July 27, 2018 07:35 AM
According to the state budget, New York collected $185 million from the 911 surcharge in 2016.
The state keeps $77 million of it to balance their own budget which is something the FCC says has to stop.
"The ongoing fee diversion by certain states must end once and for all," said Michael O'Rielly, FCC commissioner.
At a congressional hearing on Wednesday, Commissioner O'Rielly testified that only three states have failed to address it. New York was one of them.
"Identifying and shaming these states has not adequately worked."
New Yorkers pay the highest 911 surcharge in the country and the FCC says all that money needs to go to upgrading local 911 centers.
It's supposed to pay for new technology to ensure you're being protected by the best 911 service available.
"We've seen New York be quite problematic. They have been a constant diverter for a couple years and this year, in our last report they decided they're not even going to file the paperwork."
The FCC is now enlisting the help of Congress to force New York's hand.
"My bill would prevent state's like New York from continuing this egregious practice," stated U.S. Congressman Chris Collins.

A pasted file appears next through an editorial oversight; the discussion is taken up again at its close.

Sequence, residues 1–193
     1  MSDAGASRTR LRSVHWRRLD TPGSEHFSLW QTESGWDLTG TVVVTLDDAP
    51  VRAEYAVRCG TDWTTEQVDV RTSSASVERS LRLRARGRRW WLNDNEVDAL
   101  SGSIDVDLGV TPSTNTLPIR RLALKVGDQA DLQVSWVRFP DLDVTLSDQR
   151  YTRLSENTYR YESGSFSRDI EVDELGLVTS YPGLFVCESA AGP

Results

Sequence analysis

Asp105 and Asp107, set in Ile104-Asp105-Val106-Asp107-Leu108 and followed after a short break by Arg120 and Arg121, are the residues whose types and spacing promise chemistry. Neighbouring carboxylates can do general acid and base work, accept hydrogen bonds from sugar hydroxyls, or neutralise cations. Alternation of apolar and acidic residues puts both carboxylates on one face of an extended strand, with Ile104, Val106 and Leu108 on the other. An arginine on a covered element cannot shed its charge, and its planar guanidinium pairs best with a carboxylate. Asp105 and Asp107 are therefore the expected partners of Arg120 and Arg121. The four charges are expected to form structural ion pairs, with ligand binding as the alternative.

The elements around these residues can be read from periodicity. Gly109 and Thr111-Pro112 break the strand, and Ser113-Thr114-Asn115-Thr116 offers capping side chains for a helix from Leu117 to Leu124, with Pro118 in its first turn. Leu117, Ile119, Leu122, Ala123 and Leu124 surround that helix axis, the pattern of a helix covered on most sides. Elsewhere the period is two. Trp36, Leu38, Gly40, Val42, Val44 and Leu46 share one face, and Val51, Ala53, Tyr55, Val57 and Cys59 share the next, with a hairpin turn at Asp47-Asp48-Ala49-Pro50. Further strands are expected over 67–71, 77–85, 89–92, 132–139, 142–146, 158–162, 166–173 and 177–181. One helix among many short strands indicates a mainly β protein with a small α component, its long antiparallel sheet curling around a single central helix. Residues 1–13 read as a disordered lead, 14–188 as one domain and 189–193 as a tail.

Last week, Congressman Chris Collins introduced new legislation that would require 100% of the surcharge money go to 911 centers.
It has bi-partisan sponsors from each of the three states currently diverting money.
"Forty-percent of that money that is supposed to go to upgrade our 911 call centers is just going into the general fund in Albany, to frankly be wasted," added Congressman Collins.
In 2017, people in Monroe County paid just over $2.7 million toward the 911 surcharge.
Monroe County received about $200,000 back in state grants. That's eight percent.
"It's not coming back to upstate New York, none of us should be surprised," stated Congressman Collins.
News10NBC reached out to the state's budget office, who didn't want to comment on the pending legislation.
However, they did say that spending is done according to a law passed by the New York State Legislature and they're bound by that. And that millions are spent each year on 911 centers through various grant programs, including $9 million to Monroe County since 2011.
"That's just their only defense they have that, 'oh we spend a lot of money on public safety,' well fine, lets keep the 911 fees going back exactly where they're supposed to go to fund the upgrades to the 911 call centers. No ifs, ands or buts," stated Congressman Collins.
The legislation now heads to the House Telecommunication's Subcommittee. Congressman Collins is a member and says it will be a top priority to get done before the end of the year.
Updated: July 27, 2018 07:35 AM
Created: July 26, 2018 11:24 PM
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